The IFMS has been implemented in a phased manner to ensure success and to provide GOU with a process of effectively and efficiently managing the transition from the current state to the future desired state.

The Government of Uganda wanted to implement an Integrated Financial Management System for their geographically dispersed local governments.

With IFMS, the Government of Uganda has gained many advantages, such as – real-time access to information about grants from different sources, increased efficiency, enhanced visibility of taxation requirements, quick and effective decision making, hassle free procurement process, improved budgeting and streamlined revenue management, compliance with reporting, and automated accounting processes.

Some of the key Principles applied were: i. Central Acquisition of the system adopted ii. Central Management of the system agreed on iii. Decentralised ownership of data iv. A Turnkey Concept was adopted.

Based on the foregoing, there is no doubt that the IFMS will contribute significantly to existing efforts aimed at improving Public Expenditure Management. Ideally, realisation of the full benefits of the IFMS, hinges on ensuring that all transactions are captured on real-time basis. Deepening of the system has therefore been a major point of focus. However, in cases where the User departments are geographically dispersed, we have faced the prospect of substantially increased costs for the communication and information infrastructure required. In such cases, we have had to opt for a manual data transmittal as a stop-gap measure. A highly structured system requires also highly structured data input as well as systematic business processes. This entails careful assignment of responsibilities and approval hierarchies. IFMS responsibilities were developed based on the existing GoU structures and approval hierarchy. Where it was deemed necessary re-engineered processes were introduced and have since been adopted into the IFMS.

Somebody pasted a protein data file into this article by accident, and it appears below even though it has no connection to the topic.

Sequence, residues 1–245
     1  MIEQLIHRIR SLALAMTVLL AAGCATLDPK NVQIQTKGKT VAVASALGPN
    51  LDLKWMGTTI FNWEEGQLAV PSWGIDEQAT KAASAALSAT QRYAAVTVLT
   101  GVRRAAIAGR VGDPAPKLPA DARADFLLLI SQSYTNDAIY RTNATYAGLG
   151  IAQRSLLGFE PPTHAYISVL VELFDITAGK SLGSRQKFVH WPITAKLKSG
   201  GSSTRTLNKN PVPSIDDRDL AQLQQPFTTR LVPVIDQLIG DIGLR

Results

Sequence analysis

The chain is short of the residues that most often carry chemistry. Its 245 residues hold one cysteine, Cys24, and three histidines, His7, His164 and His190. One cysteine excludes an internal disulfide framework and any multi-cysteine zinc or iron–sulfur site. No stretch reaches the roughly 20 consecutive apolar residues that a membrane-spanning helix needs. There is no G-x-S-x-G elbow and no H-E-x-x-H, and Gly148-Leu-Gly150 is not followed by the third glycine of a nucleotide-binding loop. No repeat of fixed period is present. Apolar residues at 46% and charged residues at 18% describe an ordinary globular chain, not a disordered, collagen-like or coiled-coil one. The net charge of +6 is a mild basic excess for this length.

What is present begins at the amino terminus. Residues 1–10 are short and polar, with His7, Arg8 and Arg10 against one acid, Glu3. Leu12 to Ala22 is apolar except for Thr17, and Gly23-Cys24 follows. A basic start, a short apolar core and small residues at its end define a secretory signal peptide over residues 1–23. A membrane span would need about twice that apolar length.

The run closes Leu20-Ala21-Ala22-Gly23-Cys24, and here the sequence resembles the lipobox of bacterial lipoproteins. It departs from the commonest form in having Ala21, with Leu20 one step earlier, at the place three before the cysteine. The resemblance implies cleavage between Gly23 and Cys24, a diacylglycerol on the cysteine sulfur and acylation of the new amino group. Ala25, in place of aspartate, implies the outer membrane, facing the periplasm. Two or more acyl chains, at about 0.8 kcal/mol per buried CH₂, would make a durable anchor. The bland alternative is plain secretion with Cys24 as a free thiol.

The IFMS also has far-reaching implications for improving management information for decision-making. The system has a range of standard reports that can be accessed by management. At the same time, it has capability for customised reports using the Oracle Discoverer tool and other Reporting and Analysis tools.

Over the Pilot period, we have experienced quite a few downtimes. Some of these are scheduled and therefore dully notified before they occur. Others have been imposed on us, and arose from either application failure or other unforeseen system lapses. Yet others might have been site-specific; arising for example from power failure. Another area of interest relates to structures, staffing and skills.

The IFMS has introduced a range of new practices and therefore new skill requirements. Changes in workflow might result in the requirements to adapt the organisational structure. We need to ensure that the new processes can support the organisation effectively.

To this end, a comprehensive review of the staffing requirements of all Central Accounting Units was undertaken. Findings reveal that some functions are understaffed while others are overstaffed. Accounting Officers have been advised to internally re-deploy pending approval of new structures by the Ministry of Public Service.